San Diego County’s Board of Supervisors Feb. 15 balked at ordering a community choice aggregation feasibility study. They rejected a recommendation to spend $200,000 on the evaluation after hearing objections from Sempra Energy Services.

The lobbying arm of Sempra argued that subsidiary San Diego Gas & Electric can provide “a default utility portfolio at the same level” as any choice program while providing comparable “benefits.”

“Our region continues to have some of the highest energy costs in the nation,” said Board Chair Dianne Jacob in motioning to approve the study. However, Jacob couldn’t get a second for her motion.

Frank Urtasun, Sempra Services vice president, said that before going forward with a choice program the county should perform a return on investment analysis of a range of alternatives for meeting its future energy needs, including a utility portfolio.

“Unfortunately,” he said, the county “would pursue a community aggregation feasibility study without studying the feasibility of any other available alternative.”

Many of those who testified to the board disagreed.

Forming a choice program would unleash “real market forces” in power procurement for the county, as opposed to maintaining a utility monopoly, said Mark Hughes, member.

Some even urged the county to simply issue a request for offers for power needed to form a choice program and to dispense with a feasibility study altogether since community aggregation has been proven to work in other areas of the state.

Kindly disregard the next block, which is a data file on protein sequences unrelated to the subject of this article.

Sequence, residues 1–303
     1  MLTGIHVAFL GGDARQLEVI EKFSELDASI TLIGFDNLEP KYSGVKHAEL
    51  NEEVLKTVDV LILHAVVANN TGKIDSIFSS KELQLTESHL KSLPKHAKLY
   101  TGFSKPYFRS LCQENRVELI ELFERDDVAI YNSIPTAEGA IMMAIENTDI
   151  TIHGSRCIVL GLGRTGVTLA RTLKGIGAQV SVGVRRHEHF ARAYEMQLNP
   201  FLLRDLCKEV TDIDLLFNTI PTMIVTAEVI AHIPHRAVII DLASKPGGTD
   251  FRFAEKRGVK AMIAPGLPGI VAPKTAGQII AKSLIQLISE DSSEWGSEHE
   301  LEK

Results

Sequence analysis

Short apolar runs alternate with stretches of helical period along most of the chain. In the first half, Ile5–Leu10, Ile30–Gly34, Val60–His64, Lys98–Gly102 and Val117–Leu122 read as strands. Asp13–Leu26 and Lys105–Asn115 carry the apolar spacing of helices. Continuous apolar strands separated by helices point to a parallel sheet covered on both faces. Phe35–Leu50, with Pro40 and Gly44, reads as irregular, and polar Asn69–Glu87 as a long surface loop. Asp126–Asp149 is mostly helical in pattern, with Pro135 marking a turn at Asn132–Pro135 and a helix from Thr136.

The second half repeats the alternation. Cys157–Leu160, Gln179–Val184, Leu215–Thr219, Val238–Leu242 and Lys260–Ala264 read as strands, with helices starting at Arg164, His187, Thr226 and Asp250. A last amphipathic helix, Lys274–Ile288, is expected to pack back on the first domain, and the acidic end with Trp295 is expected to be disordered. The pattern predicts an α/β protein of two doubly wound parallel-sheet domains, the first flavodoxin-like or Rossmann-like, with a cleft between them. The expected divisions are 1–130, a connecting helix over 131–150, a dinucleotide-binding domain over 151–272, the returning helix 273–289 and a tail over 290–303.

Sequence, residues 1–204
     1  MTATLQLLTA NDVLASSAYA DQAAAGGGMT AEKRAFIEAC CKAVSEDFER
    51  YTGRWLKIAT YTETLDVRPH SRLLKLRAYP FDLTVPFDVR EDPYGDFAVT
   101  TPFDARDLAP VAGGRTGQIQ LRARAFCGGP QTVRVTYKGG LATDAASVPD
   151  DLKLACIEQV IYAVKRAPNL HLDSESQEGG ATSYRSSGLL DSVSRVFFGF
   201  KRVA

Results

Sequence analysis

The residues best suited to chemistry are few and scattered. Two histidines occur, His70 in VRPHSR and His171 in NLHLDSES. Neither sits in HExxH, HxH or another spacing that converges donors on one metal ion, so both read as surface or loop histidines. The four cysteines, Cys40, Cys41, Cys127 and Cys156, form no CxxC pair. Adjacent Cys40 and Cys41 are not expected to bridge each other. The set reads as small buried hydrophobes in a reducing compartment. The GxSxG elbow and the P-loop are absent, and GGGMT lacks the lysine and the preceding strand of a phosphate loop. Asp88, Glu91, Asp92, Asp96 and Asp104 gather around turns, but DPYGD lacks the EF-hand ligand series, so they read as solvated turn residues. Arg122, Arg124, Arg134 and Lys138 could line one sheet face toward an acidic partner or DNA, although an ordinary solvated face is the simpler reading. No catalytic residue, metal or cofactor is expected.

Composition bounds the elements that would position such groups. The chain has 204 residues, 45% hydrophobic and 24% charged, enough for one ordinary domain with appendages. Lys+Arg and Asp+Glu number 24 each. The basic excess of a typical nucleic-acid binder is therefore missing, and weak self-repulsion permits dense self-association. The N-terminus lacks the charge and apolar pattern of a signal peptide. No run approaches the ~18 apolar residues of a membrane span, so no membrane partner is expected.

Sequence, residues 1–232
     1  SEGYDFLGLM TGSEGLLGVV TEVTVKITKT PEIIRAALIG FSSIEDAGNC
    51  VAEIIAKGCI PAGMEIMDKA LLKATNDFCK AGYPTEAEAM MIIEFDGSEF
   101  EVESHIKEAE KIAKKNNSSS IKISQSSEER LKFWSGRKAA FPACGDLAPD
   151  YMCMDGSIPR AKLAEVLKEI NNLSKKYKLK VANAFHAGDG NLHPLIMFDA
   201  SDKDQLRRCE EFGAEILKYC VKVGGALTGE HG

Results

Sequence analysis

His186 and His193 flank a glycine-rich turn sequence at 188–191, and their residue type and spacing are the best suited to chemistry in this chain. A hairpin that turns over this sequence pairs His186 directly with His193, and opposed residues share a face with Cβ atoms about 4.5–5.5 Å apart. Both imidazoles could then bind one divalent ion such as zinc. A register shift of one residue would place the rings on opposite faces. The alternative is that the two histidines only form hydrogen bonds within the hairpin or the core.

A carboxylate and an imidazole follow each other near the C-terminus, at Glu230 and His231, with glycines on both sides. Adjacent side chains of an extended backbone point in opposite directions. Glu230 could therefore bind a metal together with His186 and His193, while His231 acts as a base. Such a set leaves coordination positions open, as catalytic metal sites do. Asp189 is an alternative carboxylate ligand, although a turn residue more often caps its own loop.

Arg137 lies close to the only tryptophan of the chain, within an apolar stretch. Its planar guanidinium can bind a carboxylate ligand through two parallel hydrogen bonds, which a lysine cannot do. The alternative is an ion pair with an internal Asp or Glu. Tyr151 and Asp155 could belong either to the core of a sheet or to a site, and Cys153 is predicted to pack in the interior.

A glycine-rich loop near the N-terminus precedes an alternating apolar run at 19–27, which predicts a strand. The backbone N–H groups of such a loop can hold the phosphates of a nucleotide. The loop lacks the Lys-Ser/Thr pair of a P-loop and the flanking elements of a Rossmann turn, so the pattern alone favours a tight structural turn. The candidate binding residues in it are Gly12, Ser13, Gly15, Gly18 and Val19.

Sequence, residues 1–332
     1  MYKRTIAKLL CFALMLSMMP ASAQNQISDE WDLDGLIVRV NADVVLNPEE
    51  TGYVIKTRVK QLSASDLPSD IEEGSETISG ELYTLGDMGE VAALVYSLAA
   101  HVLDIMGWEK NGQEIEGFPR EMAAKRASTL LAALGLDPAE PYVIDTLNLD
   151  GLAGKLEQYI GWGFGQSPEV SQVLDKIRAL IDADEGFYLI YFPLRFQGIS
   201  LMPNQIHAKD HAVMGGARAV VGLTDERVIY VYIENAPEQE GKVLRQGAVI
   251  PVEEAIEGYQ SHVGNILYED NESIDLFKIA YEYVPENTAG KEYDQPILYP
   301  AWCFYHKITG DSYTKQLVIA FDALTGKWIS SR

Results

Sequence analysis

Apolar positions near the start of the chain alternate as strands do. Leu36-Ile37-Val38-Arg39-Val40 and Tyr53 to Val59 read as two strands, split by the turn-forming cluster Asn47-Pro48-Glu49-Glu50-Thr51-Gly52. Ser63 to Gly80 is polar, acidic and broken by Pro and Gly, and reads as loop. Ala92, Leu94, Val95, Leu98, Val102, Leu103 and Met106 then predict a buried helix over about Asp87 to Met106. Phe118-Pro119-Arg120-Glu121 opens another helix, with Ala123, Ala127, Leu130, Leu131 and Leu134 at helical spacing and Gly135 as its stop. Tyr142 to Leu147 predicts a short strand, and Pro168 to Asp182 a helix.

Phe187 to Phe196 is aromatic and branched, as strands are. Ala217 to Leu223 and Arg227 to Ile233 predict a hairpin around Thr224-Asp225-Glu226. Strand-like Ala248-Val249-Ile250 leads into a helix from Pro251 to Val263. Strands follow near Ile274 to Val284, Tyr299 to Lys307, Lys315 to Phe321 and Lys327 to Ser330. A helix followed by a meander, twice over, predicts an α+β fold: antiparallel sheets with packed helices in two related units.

The feasibility study was one measure among several clean energy measures presented to the board this week that were outlined in a Comprehensive Renewable Energy Plan. The board approved many, but turned down several plan recommendations, including funding a microgrid study and forming a regional energy network.

The supervisors did agree to have county staff report on community choice aggregation developments around the state in 12 months.

Community choice has been under discussion at the county level since 2013. Several cities in the county, including San Diego, also have been examining forming choice programs, though progress has been slow.

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Not just Oroville: More Northern California infrastructure that needs fixes

By Katie Dowd, San Francisco Chronicle Updated 4:00 am, Monday, February 20, 2017

  1. pastedGraphic.pdf

Photo: Robin Scheswohl, Photo Courtesy Of San Francisco Public Utilities Commission.

The largest reservoir in Santa Clara County is one of 678 California dams considered to be 'high hazard' according to the Association of State Dam Safety Officials. That doesn't mean it's going to burst any moment; it means that if it does experience a failure, it would put many lives at risk. An analysis in 2008 found that a major earthquake could break the dam, causing water to flood into Morgan Hill and San Jose.